Chief executive of the Building Engineering Services Association David Frise said consultation and voluntary measures had failed the industry allowing late payment to undermine the supply chain and send specialist contractors to the wall.
Prompt payment legislation backed up by tough enforcement was needed now – not further consultations or voluntary measures, according to the new chief executive of the Building Engineering Services Association
Frise urged the government to pick up the pace of reform in light of the insolvency of Vaughan Engineering, which was linked directly to January’s collapse of the construction firm Carillion.
“The government already has many of the tools it needs to tackle this problem,” said Frise.
“The Aldous Bill, which seeks to bring about reform of the retentions system, is due to have its next reading in Parliament on April 27. Project bank accounts are being widely – but not universally – adopted; and the emergence of digital payment makes transparency in supply chain finance far easier to achieve.
“I can’t see why this needs any further discussion.”
Fris added: “Thousands of SMEs have been left in a perilous financial state as a result of Carillion and the government must respond.
“Today there are 160 people facing redundancy directly as a result of Carillion failing to pay Vaughan Engineering for completed work.
“The government must not stand idly by and watch more companies go under and more people lose their jobs.”
MPs investigating the Carillion insolvency have expressed grave concerns about the Prompt Payment Code administered by the Department for Business, Energy and Industrial Strategy .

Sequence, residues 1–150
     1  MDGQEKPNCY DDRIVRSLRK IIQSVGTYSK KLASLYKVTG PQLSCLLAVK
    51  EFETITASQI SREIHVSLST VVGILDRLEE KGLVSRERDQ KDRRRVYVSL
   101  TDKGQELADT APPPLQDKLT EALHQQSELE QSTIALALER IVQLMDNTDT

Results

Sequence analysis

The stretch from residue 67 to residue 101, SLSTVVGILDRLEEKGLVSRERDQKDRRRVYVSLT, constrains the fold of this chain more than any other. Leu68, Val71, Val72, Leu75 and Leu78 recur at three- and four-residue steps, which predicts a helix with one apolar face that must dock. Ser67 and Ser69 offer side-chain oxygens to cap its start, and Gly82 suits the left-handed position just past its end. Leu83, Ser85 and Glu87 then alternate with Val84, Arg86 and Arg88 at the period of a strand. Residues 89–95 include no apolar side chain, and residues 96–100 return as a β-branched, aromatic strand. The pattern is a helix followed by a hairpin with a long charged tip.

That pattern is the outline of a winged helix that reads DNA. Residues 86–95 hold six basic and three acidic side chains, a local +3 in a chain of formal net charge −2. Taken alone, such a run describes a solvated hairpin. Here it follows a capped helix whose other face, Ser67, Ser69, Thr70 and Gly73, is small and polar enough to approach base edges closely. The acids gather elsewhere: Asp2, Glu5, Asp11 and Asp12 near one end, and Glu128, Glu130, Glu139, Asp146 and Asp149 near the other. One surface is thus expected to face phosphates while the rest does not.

Carillion was a signatory to the code and received public sector contracts as a result, but forced its own supply chain contractors to accept 126-day payment terms.
Frise revealed that BESA intervened directly on behalf of Vaughan Engineering, which appealed to it for help, but received no response from local or central government.
He also added that the association was continuing to support several other member firms affected by the Carillion fall-out.
BESA, along with electrical contractors body, ECA, met business secretary Greg Clarke in the aftermath of the Carillion insolvency, to stress the importance of supporting payment security measures such as placing retention money in ring-fenced deposit protection schemes; project bank accounts; and public contracts payment models.
“We have had multiple voluntary late payment initiatives over the last two decades – none of which proved of to be of any use whatsoever in the face of notorious late payers like Carillion,” said Frise.
“Mr Clark is right when he says this is an urgent problem that is fundamental to our economy. So let’s have urgent and tough action – starting with getting the Aldous Bill through Parliament on April 27.”